But are things that simple? Much has been made of the messages Biden is conveying to his Russian and Chinese counterparts and incidentally to the rest of the world. The White House, we are told, is sending ‘a signal that the United States will impose costs in a strategic and economically impactful manner on Russia if it continues or escalates its destabilising international actions’. Similarly, with China.

The formula itself is simple enough. Those engaging in unacceptable behaviour will have to bear the consequences. But is it that simple? Who determines what is unacceptable behaviour? Is this to be America’s unilateral and permanent prerogative?

What if America itself is guilty of unacceptable behaviour? The Cold War was punctuated by a succession of unilateral US military interventions and US assisted military coups that included Vietnam, Cambodia, Chile, Grenada, El Salvador, Iran, Iraq to name a few.

Since then Somalia, Afghanistan, Iraq, Syria and others have joined the list. Often, these interventions have had horrendous consequences which continue to play out long after the invader has gone home. Almost certainly this is the terrible fate that awaits the long suffering people of Afghanistan as US troops prepare to leave between now and September.

Nor is the United States a stranger to influencing elections in other countries. A recent study has identified 81 such overt and covert interventions between 1946 and 2000. Much the same holds for political assassinations of foreign leaders. The killing earlier this year of General Qassem Suleimani, the leader of Iran’s elite military Quds force and an Iranian national hero, is the latest in a long series of successful or attempted US assassinations.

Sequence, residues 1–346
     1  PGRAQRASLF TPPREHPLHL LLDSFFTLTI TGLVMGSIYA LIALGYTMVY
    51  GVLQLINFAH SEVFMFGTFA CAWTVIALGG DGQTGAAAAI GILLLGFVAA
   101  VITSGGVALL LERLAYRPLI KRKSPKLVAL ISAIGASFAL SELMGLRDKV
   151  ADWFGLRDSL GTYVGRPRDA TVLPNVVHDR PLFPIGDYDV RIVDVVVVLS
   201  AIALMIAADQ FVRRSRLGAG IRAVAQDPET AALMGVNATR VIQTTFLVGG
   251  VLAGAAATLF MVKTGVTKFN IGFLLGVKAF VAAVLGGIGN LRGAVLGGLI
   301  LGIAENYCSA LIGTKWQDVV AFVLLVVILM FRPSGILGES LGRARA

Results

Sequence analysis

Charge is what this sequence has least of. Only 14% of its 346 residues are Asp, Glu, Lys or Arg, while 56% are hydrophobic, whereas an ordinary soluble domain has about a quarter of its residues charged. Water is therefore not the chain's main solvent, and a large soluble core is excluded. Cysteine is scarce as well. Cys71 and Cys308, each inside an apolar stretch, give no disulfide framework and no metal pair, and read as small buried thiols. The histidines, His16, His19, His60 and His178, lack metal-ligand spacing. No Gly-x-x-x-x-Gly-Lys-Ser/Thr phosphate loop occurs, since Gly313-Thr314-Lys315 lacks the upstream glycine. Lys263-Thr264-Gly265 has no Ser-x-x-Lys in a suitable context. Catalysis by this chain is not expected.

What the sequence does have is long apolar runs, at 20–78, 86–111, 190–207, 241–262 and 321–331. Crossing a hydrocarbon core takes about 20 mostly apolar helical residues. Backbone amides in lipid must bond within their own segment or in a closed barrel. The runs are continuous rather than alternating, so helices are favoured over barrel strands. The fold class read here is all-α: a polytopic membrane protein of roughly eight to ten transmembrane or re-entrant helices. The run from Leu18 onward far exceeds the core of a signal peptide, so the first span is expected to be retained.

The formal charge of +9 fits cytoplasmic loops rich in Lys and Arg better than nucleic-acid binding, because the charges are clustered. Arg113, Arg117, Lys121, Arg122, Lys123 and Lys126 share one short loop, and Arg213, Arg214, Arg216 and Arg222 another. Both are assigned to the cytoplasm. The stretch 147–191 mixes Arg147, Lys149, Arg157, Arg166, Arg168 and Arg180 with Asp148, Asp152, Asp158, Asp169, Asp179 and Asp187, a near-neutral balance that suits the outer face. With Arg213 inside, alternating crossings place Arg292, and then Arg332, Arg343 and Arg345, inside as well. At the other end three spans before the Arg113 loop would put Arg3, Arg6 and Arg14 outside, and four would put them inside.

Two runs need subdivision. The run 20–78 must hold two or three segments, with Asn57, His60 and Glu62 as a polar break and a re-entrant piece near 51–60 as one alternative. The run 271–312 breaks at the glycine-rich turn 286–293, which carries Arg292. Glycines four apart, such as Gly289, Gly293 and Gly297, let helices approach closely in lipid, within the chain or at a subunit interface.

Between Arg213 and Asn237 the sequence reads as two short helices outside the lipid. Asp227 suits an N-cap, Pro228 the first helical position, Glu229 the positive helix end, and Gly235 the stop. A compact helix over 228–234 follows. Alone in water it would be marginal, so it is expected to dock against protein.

One conclusion is inescapable. The rules based order whose virtues Biden extols at every opportunity is at best ambiguous and often highly selective – a fact not lost on leaders, not least Putin and Xi Jinping, who do not subscribe to notions of liberal democracy.

There is, however, a difference between now and an earlier time. America’s global supremacy is under challenge as never before. A succession of military interventions from Vietnam to Afghanistan have failed to achieve their objective and proved ruinously costly for the invader as much as the invaded. According to the most recent estimates by the  Costs of War Project, the 20-year war in Afghanistan has cost upwards of $2 trillion and 240,000 lives.